For those that didn’t read my article in IAA on 7.65 Glisenti, while there seems little question that the 7.65 Glisenti cartridge was designed early on in the 20th Century or at the end of the 19th Century, the known cartridges are an enigma. All known specimens were made by DWM, most coming out of one box that was originally either at SIG or the ammunition factory at Thun in Switzerland. The box and label style would indicate that the cartidges were actually made in the late 1920s or early 1930s!!! Further, British field test reports of the 1906 7.65 Glisenti pistol originally trialed in Italy indicate thru drawings of the cartridge headstamps, obtained in Italy with the pistol tested, that the caliber of that pistol was actually 7.65 mm Parabellum - the Standard DWM 471 cartridge, with some of the cartridges (from Italy) tested having the standard K DWM K 471 headstamp and others having a headstamp from Bologna never seen on 7.65 mm (.30 Luger) by any collector I know, nor reported in any of the Italian cartridge Books. Further, an early “X-Ray” drawing of the 1906 Glisenti pistol shows cartridges perfectly shaped like 7.65 mm Parabellum in the magazine, not rounds with the high shoulder of the 7.65 Glisenti cartridge. An earlier drawing of one of the Revelli prototypes shows cartridges well represented in form as the 7.65 Glisenti with high shoulder! The later drawing, along twith the British test reports, leads us to believe that the cartridge representations in both of the drawings are accurate.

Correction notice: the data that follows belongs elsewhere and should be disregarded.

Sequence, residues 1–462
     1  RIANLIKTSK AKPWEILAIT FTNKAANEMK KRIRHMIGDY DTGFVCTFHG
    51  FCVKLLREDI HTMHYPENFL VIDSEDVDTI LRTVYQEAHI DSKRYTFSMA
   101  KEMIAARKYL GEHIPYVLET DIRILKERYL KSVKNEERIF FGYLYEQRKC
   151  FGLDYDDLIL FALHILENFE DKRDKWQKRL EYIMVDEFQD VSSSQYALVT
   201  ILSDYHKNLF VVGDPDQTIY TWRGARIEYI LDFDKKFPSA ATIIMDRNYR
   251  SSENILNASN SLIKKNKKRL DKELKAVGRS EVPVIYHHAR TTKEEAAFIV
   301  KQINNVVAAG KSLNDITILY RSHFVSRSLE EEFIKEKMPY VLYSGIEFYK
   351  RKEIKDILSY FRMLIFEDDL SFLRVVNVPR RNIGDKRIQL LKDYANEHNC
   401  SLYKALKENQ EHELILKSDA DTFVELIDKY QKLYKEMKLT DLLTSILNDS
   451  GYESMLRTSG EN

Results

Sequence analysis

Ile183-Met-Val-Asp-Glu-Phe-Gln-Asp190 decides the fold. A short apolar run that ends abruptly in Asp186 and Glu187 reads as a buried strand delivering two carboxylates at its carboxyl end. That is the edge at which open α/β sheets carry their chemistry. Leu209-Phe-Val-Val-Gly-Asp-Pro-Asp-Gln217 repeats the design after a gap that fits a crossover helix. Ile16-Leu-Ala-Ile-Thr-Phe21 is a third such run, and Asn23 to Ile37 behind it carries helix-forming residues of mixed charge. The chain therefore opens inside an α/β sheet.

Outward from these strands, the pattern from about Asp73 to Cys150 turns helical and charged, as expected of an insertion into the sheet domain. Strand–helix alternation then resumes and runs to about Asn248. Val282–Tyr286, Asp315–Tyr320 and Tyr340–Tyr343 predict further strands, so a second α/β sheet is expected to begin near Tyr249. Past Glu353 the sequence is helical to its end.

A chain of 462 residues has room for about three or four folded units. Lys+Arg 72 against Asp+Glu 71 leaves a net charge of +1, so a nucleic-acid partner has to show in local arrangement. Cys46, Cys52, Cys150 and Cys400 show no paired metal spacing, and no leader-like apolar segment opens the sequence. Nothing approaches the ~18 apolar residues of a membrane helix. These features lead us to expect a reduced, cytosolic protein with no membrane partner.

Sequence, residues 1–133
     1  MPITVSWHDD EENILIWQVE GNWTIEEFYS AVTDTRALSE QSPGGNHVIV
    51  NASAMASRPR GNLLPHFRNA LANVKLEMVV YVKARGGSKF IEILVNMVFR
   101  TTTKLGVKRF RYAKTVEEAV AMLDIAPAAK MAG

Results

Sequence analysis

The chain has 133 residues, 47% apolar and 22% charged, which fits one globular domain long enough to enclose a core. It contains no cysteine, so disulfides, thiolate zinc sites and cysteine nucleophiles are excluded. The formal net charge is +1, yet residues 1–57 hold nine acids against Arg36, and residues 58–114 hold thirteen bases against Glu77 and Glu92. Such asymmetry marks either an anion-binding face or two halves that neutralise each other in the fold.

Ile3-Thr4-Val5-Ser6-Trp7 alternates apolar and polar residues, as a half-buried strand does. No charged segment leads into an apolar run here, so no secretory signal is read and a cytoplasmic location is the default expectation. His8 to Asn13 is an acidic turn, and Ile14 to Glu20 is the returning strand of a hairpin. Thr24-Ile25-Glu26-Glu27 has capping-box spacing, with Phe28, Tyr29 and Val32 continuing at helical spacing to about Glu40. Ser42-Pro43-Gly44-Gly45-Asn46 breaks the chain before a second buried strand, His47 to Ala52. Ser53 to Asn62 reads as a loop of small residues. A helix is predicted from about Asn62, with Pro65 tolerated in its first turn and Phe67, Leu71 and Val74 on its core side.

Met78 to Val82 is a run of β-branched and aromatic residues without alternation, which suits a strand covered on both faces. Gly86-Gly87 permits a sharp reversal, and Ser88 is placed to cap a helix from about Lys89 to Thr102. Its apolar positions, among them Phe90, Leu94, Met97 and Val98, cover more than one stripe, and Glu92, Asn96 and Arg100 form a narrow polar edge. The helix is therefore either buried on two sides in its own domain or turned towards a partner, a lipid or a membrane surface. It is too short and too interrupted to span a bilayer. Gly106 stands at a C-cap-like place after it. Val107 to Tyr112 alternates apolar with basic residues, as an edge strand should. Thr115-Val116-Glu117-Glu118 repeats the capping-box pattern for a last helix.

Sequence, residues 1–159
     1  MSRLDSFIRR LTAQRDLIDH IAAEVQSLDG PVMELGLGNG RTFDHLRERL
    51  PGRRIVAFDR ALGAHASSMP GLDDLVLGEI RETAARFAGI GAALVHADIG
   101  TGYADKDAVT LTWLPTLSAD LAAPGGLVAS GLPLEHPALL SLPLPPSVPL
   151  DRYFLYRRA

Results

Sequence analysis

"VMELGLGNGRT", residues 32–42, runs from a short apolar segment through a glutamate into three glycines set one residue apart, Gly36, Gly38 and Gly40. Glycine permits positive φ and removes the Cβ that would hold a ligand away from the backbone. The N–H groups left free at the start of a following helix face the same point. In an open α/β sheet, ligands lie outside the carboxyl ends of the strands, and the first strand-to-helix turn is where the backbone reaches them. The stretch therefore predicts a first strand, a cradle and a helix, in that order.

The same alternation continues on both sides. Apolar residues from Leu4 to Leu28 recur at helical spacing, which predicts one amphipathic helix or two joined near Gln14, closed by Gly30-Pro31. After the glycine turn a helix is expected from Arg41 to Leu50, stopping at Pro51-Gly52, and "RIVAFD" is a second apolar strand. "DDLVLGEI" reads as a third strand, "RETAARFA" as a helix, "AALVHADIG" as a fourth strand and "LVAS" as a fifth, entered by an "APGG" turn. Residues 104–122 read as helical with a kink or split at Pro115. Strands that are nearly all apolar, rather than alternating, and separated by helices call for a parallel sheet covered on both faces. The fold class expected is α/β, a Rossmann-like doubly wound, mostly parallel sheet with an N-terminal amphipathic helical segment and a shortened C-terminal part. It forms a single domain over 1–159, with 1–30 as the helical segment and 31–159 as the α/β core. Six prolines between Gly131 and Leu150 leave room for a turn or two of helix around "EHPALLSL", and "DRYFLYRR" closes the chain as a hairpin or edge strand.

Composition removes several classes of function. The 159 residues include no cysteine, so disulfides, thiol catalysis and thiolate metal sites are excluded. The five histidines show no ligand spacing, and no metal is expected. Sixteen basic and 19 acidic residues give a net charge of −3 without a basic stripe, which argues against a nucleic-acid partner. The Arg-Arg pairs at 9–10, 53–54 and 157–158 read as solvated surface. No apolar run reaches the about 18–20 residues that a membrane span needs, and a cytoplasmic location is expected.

A real mystery. Since I know someone who has a Vitali pistol, I am going to pursue this, but it may take some time.